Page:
New answers tagged

2

You can start by understanding how Apply works. For example Apply[f, {a, b, c}] f[a,b,c] So, if you need product of these three numbers, you use Apply[Times, {a, b, c}] a b c Now what remains is to find the right elements to multiply. For kth multifactorial of n it is {n,n-k,n-2k,...} which you can write as Range[n,1,-k] Your code construct the series ...


0

Here is another solution: (it's kind of cheating but it is very compact and works fine) f[x_, y_: 0, z_:"something"] := If[z==="something", {x, y, y}, {x,y,z}]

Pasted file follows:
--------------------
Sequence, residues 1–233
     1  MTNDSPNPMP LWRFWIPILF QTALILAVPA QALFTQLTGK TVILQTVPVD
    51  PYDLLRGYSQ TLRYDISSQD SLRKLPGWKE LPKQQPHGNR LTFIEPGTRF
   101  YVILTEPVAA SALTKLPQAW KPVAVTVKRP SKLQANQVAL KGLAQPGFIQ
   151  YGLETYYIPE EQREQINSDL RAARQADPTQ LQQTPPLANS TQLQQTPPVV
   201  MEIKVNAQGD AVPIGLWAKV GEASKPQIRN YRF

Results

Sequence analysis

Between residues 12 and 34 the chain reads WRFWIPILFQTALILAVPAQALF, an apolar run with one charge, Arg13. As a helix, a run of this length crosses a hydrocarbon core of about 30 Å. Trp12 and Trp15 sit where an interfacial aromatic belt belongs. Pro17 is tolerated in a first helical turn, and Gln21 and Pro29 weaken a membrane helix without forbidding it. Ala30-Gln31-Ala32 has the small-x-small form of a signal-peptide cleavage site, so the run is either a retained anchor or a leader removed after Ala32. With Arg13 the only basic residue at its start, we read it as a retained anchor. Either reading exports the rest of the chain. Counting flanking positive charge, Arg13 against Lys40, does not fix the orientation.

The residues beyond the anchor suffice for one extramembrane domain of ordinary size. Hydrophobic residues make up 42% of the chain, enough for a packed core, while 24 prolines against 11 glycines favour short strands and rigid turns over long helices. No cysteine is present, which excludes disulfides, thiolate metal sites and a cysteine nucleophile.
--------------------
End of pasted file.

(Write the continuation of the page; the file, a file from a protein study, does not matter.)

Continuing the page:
4

A cheap way to get what you want is to use Lighter[] along with "RedBlueTones" and an appropriate bell-shaped curve: LinearGradientImage[Function[x, Lighter[ColorData["RedBlueTones", x], Sech[5 (x - 1/2)]]], {300, 30}] ContourPlot[x y, {x, -1, 1}, {y, -1, 1}, ColorFunction -> (...


8

How about French = Blend[{{0, Blue}, {1/2 - 0.1, White}, {1/2 + 0.1, White}, {1, Red}}, #1] &; Then French /@ (Range[15]/15.) ContourPlot[x, {x, 0, 1}, {y, 0, 1}, ColorFunction -> French] Any variation is possible: e.g. French2 = Blend[{{0, Darker[Blue, 0.7]}, {0.15, Blue}, {1/2 - 0.05, White}, {1/2 + 0.05, White}, {0.9, Red}, {1,...


12

You can implement recursions almost in the same way you have specified them: Clear[a, b, c, s, p]; a[0] = 1.; b[0] = 1/Sqrt[2]; c[0] = 1/2; s[0] = c[0]; a[k_] := a[k] = (a[k - 1] + b[k - 1])/2; b[k_] := b[k] = Sqrt[a[k - 1] b[k - 1]]; c[k_] := c[k] = a[k]^2 - b[k]^2; s[k_] := s[k] = s[k - 1] - 2^k c[k]; p[k_] := p[k] = 2 a[k]^2/s[k]; The first 10 terms: p[#]...


5